The ocean interior contains vast regions where oxygen concentrations are low or nil. These regions, known as oxygen minimum zones, support a great diversity or microbes, some of which mediate critical chemical transformations that are needed to maintain a balance in the cycle of chemical matter through nature. These cycles – also termed biogeochemical cycles – shape the environment in which we live. Over the last 20 years researchers have observed an expansion of the ocean’s oxygen minimum zones and, as a consequence, for the first time we recorded low oxygen events in the coastal waters off Oregon during summer months. These seasonal events have important direct and immediate consequences at a local scale by impacting fisheries. In addition, they can have broader long term consequences at regional and global scales by affecting biogeochemical cycles. In order to understand and characterize how an expansion of seasonal oxygen minimum zones in coastal regions affects microbes and the chemical transformations they mediate, this project compared the temporal changes in microbial diversity and biological activity as oxygen concentration change in two distinct oceanic coastal regions that experience seasonal decreases in oxygen concentration with different intensity and duration. While the Oregon coast experiences periods of low oxygen during summer months, these events are brief – no more than a few weeks – and anoxia (the total removal of oxygen) is not observed. In contrast, the coastal waters of Central Chile have low oxygen concentration with significant periods of anoxia during most part of the year, becoming oxygenated only during winter storm events that mix rich oxygenated water into the deep low oxygen regions. The difference in the temporal dynamics and intensity of the seasonal depletion in oxygen allows us to ask the following questions: Do we observe in both regions the same microbial diversity and chemical matter transformation as oxygen concentration change? And, if so, can we use our observations off Central Chile to predict what would happen off the Oregon Coast if the seasonal depletion of oxygen intensifies? And, if not, what drives the differences between both regions? Finally, because changes in oxygen concentration in the water can produce distinct chemical signatures in the sediments, looking at the record preserved over time in the sediments can help us explore how important these low oxygen events may have been in the past few hundred years. For this reason, the project includes a paleo-oceanographic effort that analyzes sediment records in these two regions to study how the seasonal variability and intensity in oxygen depletion may have varied in the past.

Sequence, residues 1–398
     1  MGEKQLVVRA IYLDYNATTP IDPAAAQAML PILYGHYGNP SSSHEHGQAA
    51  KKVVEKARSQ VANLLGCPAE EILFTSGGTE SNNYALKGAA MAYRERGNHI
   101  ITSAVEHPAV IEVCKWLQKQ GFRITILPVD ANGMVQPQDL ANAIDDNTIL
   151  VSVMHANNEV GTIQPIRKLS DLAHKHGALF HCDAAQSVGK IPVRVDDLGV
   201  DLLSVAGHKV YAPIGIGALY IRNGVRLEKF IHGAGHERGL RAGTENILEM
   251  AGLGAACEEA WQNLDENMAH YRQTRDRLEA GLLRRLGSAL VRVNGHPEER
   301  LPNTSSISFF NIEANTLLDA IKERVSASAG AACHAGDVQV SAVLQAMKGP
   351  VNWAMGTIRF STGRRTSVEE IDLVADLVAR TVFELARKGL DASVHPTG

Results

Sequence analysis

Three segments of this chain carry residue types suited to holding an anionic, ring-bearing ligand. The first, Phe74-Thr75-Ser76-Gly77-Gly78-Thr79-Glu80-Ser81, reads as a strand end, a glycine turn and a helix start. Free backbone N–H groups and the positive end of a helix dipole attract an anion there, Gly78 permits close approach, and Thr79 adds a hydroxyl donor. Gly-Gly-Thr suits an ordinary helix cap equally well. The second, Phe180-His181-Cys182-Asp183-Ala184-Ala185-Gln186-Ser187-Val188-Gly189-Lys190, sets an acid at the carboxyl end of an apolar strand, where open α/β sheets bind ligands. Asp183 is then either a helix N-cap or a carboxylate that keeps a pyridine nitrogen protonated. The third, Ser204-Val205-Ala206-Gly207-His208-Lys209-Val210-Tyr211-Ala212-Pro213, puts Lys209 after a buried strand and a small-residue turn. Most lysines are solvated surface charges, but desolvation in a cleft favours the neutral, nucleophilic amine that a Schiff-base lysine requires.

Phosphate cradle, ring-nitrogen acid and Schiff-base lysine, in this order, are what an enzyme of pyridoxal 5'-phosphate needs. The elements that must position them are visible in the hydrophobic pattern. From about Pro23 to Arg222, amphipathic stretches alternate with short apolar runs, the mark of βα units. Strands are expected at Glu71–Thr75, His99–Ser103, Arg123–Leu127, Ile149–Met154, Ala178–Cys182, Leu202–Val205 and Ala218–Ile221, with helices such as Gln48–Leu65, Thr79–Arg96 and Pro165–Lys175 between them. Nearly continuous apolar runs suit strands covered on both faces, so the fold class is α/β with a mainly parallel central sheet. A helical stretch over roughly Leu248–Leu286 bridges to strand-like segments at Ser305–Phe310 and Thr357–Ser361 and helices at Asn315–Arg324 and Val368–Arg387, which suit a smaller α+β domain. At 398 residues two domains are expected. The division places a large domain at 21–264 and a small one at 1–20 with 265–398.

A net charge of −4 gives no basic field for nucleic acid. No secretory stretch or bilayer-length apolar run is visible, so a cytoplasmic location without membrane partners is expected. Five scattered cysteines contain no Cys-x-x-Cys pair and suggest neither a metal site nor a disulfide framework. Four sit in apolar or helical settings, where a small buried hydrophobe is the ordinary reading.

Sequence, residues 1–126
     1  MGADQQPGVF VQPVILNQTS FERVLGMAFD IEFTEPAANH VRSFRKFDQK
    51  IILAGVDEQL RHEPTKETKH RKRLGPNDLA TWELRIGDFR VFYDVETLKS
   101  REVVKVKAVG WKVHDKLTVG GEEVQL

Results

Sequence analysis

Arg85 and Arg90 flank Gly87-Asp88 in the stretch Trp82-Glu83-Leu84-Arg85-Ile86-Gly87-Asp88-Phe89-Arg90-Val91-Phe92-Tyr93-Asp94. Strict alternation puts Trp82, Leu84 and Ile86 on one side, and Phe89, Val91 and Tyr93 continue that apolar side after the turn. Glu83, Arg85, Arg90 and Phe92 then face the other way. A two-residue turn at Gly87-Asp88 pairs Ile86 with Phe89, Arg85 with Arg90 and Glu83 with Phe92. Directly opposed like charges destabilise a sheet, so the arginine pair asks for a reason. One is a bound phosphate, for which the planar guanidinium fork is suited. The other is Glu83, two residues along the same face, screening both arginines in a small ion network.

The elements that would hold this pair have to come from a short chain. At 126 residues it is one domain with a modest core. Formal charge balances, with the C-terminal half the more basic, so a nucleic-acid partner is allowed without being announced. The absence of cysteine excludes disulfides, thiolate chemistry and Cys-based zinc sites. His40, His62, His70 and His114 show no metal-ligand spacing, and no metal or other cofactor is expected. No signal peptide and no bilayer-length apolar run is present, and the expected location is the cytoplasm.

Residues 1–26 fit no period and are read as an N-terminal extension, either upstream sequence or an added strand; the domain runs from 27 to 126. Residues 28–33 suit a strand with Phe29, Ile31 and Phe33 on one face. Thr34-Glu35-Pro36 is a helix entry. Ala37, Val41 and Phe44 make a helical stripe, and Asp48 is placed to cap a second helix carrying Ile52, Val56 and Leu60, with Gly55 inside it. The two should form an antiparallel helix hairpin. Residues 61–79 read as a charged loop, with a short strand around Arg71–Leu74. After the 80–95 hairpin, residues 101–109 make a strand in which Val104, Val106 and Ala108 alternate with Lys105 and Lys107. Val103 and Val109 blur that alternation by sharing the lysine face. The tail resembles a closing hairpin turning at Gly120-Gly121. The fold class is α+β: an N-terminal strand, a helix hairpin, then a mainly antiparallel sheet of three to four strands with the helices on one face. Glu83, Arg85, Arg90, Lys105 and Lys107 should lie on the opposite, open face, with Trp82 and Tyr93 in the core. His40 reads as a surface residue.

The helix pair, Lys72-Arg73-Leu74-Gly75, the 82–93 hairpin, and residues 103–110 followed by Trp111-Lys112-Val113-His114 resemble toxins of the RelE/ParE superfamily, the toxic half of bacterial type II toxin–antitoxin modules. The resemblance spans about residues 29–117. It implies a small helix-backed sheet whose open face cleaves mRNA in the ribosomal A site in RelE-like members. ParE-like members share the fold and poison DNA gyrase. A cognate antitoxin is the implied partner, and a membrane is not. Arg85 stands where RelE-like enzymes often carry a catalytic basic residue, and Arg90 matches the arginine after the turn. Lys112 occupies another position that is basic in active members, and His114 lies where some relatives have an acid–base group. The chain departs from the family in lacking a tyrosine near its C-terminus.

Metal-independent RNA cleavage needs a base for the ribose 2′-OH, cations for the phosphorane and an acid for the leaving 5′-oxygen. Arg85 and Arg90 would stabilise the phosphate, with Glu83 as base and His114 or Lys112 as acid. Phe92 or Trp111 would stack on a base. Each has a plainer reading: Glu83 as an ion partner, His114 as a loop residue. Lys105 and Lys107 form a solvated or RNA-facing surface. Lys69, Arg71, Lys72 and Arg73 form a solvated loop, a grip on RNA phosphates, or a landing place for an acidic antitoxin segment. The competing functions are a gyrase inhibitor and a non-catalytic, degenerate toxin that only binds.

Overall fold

Although the key microbial processes taking place in oceanic suboxic and anoxic environments are well documented, we still have a rudimentary understanding of the microbial diversity responsible for these processes and the scales of adaptation of microbial assemblages to the physical and chemical dynamics of the marine environment in which they reside. Increasing this understanding is critical in order to improve our model predictions of declining oceanic oxygen associated with anthropogenic warming and of its effects in coastal ecosystems. Accordingly, the objectives of this proposal were to identify similarities and distinctions between the microbial assemblages inhabiting the water column of two distinct continental shelves that display distinct seasonal oxygen dynamics, as well as different patterns of physical and chemical variability; one of these regions is located in the United States off Oregon and the other in Chile off Arauco. In addition, our field effort characterized the seasonal patterns in the development, maintenance and intensity of hypoxic zones over both shelves over three seasonal cycles and determined the long term changes in seasonal fluctuations of oxygen concentration over the shelves through the use of paleo-proxies. While at present the Chilean shelf reaches euxinia every summer and the one off Oregon experiences hypoxia intermittently, paleo-oceanographic records indicate that both systems have varied between more extreme intervals of oxic and anoxic conditions. Furthermore, the present seasonal patterns of hypoxia and anoxia are the result of a delicate balance of biogenic input and physical advection and mixing. Metagenomic and metatranscriptomic analyses indicate that while microbial communities over both shelves are distinct, the expression of key microbial processes, such as archaeal ammonium oxidation and the distribution of key nitrogen species display similar distribution along the oxygen gradients becomes prominent; off Chile pelagic disimilatory nitrate reduction coupled to sulfur oxidation occurs when the system becomes anoxic; Our results imply the high sensitivity of hypoxia on these shelf systems to climate change, and the potential for growth of hypoxia under future climate warming.
Return to the main Marine Microbiology Initiative page